Some retrospective investigations consider the preservation of the submandibular gland in the context of those cancers as appropriate [97], [98]. In a prospective evaluation of the group around Robbins about 33 neck dissection specimens of cancers of the oral cavity of different stages the dissection of leve lIB was performed in three successive steps [99]. First the dissection of the periglandular soft part tissue and the lymph nodes was performed, followed by the extirpation of the submandibular gland and finally the residual tissue in dorsal direction of the gland. All lymph nodes were already removed in the first step without detection of the lymph nodes in the residual tissue. In this article the technical possibility of dissecting all lymph nodes of leve lIB without the necessity of extirpating the gland was discussed.

9 Late cervical lymph node metastases

After selective or modified radical neck dissection some patients with or without radiochemotherapy may develop locoregional metastases, especially within the first two years after primary therapy. In the literature, however, the problem of late cervical lymph node metastases is only rarely discussed. Up to now the exact incidence of late cervical lymph node metastases is unclear because the studies performed up to now generally evaluated relatively inhomogeneous patient groups with and without radiotherapy, cervical lymph node metastases (pN+), and local recurrences. Further the extent of neck dissection varied.

In the case of multiple lymph node metastases or the presence of extracapsular growth, especially without adjuvant radiochemotherapy, locoregional metastatic spread can be expected. The incidence of late metastatic development seems to depend from the location and the extension of the primary tumor. In a retrospective analysis of 2550 patients suffering from hypopharyngeal and laryngeal cancer, the total incidence of late cervical lymph node metastases amounted to 12.4% [100]. In the mentioned study, the highest incidence for late locoregional metastases was found in cancers of the piriform sinus (31.1%) and the aryepiglottic folds (21.9%). In this study it could be confirmed that late metastases are significantly associated with an advanced tumor stage, lymph node metastases, and locoregional tumor recurrences. In a multicenter retrospective investigation of 826 patients with cancers of the oral cavity late lymph node metastases were found in 4% of the patients without tumor recurrence and initial pN0 neck while 12% of the patients with late metastatis were initially staged N+ [101]. In this evaluation, a relatively inhomogeneous group of patients with local recurrence and adjuvant radiotherapy were included. An investigation of the MD Anderson Cancer Center about patients with head and neck cancer who underwent selective neck dissection, found a late metastatic spread in 1.9% of the patients with pN0 neck without radiotherapy [102].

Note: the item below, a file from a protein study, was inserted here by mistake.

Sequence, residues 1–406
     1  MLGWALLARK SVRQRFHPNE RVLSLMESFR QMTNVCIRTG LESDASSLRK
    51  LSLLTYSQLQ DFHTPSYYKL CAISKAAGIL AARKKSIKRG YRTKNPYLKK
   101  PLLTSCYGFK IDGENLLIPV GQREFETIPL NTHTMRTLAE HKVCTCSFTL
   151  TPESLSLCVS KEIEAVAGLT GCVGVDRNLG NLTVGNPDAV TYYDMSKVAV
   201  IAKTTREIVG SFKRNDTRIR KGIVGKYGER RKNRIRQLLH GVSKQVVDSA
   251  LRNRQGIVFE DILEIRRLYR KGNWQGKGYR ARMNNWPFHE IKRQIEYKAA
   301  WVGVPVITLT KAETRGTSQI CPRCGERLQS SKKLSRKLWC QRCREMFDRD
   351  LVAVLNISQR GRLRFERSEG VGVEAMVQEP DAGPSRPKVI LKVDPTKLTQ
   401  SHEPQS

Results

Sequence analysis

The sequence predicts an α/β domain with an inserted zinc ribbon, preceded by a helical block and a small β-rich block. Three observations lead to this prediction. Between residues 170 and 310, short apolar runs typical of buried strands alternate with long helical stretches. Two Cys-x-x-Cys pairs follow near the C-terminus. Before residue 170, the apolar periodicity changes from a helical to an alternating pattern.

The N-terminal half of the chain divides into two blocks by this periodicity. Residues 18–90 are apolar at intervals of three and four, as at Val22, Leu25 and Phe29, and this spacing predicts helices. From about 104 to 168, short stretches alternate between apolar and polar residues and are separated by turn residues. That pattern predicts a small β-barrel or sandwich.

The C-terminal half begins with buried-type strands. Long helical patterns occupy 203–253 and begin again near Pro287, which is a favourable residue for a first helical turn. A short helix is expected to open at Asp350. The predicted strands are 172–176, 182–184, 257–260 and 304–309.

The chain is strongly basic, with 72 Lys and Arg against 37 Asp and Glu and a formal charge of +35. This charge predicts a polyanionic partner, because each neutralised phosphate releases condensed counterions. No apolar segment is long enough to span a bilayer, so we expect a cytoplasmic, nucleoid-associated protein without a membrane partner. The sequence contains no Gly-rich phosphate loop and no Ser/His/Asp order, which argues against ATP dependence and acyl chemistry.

A retrospective analysis of the patients of the ENT Department of Marburg who developed late lymph node metastasis is presented. The clinical data of 61 patients suffering from head and neck cancer and who had undergone elective neck dissection with pN0 neck were analysed. Only patients without local recurrence, secondary primary, or radiochemotherapy were considered. Late lymph node metastases were found in 4 (6.5%) cases for all primary tumor locations that were located at the margins or outside the initially removed lymph node levels. In those patients the primary tumor was located in the area of the oral cavity (n=3) or the oropharynx (n=1) and was staged T1 or T2 in all cases. Lymph node metastases were identified in level I (n=2), II (n=1) and IV (n=1). Late lymph node metastases were detected in 4 of 29 patients (13.8%) with cancers of the oral cavity and the oropharynx after elective neck dissection. None of the patients of the present study with hypopharyngeal or laryngeal cancer developed late lymph node metastases (data not yet published).

For better understanding of the late lymph node metastases it must be considered that a negative histopathological examination of the cervical lymph nodes does not mean the safe exclusion of occult metastases so that the presence of subpathological metastases must be observed in this context (see chapter 4). Further it is clear that the borders between the different neck levels must not be understood very strictly and overlapping between the levels is possible. Late lymph nodes may be located in the levels that were not included in the selective neck dissection. The low incidence of this small group of patients with late lymph node metastases after selective neck dissection, however, does not justify the performance of extended types of neck surgery in patients with clinical N0 neck.

10 Neck dissection after primary radiochemotherapy

The primary radiochemotherapy is increasingly applied in the treatment concept of advanced cancers of the upper aerodigestive tract, especially oropharynx, hypopharynx, and larynx, with lymphogenic metastasis. Despite partly good response rates in the area of the primary tumor the cervical lymph nodes show comparably low response rates after primary radiochemotherapy. In an investigation a tumor-free stage in the area of the primary tumor could be achieved in 86% of the patients whereas the cervical lymph nodes showed a complete response in 69% of the patients; the response of the cervical lymph nodes depended on the their size (N stage) [103].